Apr 28 2020

Home Office Setup: How to Get the Most Out of Your WFH Rig

The perfect home office setup requires different technology, accessories and habits.

As technology has advanced, the number of people working from home has gradually increased. A combination of the emergence of the gig economy and the refinement of collaboration technology has meant that more people are working from home than ever, and that was before a global health crisis triggered widespread remote work across industries. 

The home office is different from the physical office. Transforming part of your home into a quiet, comfortable space that’s conducive to being productive and creative requires different technology, accessories, furniture and habits.

Whether you’re a freelancer setting up your workspace or a business trying to properly outfit employees for remote work, there are some must-haves if you’re looking to power productive work from home. 

What Tech Do You Need in Your Home Office Setup?

The most important piece of technology for the home office is the computer. To communicate with coworkers and access company data, employees are going to need a computer. Desktops offer more power, while notebooks provide more mobility, so the best option depends on the needs of the worker. For those using laptops, accessories such as a monitor, keyboard and mouse can also go a long way toward providing comfort.

While those are the more basic needs, there are other things that workers require to fully utilize the communication and collaboration tools their organizations are using. Since businesses are leaning heavily on videoconferencing during widespread remote work, being able to enhance that experience is important.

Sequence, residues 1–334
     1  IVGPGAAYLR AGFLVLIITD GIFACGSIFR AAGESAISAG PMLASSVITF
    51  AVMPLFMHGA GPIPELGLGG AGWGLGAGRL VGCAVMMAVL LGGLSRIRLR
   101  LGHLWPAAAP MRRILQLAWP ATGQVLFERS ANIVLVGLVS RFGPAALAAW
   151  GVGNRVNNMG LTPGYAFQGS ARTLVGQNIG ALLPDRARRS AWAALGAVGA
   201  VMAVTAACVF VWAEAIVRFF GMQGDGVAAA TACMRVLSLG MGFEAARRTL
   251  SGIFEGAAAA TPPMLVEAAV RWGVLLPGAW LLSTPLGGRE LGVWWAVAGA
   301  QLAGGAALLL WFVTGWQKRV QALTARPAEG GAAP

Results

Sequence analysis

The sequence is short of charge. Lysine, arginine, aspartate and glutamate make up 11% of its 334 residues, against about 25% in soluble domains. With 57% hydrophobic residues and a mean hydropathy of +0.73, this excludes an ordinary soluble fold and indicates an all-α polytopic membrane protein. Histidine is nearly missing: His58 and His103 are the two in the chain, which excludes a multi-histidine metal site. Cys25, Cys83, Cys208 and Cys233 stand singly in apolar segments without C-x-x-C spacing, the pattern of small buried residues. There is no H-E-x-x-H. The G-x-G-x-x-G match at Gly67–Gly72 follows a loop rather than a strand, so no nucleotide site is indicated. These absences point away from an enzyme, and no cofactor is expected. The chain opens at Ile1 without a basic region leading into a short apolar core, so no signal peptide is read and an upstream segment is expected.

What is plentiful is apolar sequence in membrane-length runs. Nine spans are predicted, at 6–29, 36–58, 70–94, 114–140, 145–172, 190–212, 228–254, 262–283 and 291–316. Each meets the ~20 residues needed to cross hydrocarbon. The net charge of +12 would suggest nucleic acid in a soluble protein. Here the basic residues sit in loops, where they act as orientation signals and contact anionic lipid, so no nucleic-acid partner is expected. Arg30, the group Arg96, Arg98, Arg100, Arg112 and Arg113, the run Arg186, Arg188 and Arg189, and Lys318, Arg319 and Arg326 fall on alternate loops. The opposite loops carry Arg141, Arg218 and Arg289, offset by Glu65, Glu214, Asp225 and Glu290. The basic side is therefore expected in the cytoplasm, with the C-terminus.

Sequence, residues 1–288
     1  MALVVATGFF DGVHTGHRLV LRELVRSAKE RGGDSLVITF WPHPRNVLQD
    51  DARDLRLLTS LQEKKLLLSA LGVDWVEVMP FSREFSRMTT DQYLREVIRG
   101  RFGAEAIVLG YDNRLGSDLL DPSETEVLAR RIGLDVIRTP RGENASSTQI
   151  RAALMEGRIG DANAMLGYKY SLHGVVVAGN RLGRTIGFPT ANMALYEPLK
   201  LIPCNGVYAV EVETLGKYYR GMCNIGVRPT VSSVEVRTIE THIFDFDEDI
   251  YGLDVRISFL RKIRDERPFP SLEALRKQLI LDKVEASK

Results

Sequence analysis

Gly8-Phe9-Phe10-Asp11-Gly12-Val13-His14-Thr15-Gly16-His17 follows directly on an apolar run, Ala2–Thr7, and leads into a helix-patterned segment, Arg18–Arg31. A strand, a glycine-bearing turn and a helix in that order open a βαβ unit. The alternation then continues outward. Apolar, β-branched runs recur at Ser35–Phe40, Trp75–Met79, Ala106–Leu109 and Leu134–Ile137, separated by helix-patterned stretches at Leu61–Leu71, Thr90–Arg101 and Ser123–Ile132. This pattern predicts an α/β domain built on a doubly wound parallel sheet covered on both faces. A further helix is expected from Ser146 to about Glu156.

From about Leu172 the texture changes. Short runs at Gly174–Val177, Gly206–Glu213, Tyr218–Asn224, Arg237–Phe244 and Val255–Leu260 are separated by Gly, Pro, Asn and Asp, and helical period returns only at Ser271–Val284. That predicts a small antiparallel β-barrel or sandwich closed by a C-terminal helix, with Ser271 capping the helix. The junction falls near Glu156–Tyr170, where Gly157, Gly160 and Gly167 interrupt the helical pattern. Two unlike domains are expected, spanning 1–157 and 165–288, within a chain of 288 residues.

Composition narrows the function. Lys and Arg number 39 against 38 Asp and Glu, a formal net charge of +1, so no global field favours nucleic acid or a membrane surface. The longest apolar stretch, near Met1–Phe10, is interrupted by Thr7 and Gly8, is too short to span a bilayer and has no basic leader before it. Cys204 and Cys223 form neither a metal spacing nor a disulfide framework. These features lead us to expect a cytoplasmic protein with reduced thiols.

“Could someone throw in some AirPods and use their webcam built into their laptop? They can,” says Mike Murphy, solution architect team lead at CDW. “But that’s barely minimally viable. If we want folks to really feel connected, you’ve got to up the level of collaboration tools you’re giving them a little bit if you can.” 

Murphy says that investing in things like webcams and headsets can not only make the worker’s experience better but also help with collaboration.

“This provides a good experience for the end user and empowers them,” he says. “But more importantly, it provides a good experience for all the others you’re collaborating with, with noise cancellation and high-quality video and things like that.” 

INSIDER EXCLUSIVE: Watch how to successfully lead an organization into the future of work.

Is Your Home Office Setup Geared Toward Productivity?

Setting up the technology properly is just as important as getting the right tools. It can be difficult to focus on work if a chair is uncomfortable, you have to squint to see the computer screen or you have to tilt your head down to read what you’re typing, making ergonomics critical. These positions might be easily overcome to get through work in the short term, but during long-term or frequent remote work, they can cause serious neck, back or hip pain. 

Workspace comfort begins with the chair. The Mayo Clinic advises choosing a chair that supports your spinal curve, adjusting the height so that your knees are parallel to your hips and your feet rest flat on the floor. Arms should be able to rest gently at your side with shoulders relaxed.

Monitor placement is also key, with Mayo Clinic recommending that the screen be about an arm’s length away.

“The top of the screen should be at or slightly below eye level,” according to Mayo Clinic. “If you wear bifocals, lower the monitor an additional 1 to 2 inches for more comfortable viewing.”